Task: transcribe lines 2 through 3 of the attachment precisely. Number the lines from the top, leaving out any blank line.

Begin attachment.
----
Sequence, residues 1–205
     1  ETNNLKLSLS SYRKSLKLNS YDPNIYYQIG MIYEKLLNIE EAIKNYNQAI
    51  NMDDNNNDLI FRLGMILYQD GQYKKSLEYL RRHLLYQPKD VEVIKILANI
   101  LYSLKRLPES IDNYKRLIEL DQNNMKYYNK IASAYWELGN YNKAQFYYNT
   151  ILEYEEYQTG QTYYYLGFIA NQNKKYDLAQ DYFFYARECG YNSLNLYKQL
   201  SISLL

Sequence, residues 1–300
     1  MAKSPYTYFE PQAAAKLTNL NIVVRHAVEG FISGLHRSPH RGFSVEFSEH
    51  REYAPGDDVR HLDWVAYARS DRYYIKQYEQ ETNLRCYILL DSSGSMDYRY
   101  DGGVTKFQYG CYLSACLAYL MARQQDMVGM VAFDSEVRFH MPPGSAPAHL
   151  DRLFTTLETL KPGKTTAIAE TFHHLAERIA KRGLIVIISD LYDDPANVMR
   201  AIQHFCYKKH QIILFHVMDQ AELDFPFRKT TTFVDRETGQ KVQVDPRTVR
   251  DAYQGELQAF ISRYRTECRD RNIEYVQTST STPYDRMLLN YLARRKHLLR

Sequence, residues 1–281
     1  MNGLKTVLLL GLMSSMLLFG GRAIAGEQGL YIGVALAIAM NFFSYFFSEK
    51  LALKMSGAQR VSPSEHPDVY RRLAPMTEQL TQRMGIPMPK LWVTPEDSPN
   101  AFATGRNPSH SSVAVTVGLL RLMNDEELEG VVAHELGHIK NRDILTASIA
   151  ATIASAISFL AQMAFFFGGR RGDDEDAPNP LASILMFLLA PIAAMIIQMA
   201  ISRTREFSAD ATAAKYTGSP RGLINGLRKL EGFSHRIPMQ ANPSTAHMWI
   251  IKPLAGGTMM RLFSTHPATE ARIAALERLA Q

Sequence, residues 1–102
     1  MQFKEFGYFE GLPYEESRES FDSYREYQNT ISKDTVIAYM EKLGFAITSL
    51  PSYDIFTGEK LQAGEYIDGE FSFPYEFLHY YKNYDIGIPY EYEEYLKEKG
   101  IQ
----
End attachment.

     1  ETNNLKLSLS SYRKSLKLNS YDPNIYYQIG MIYEKLLNIE EAIKNYNQAI
    51  NMDDNNNDLI FRLGMILYQD GQYKKSLEYL RRHLLYQPKD VEVIKILANI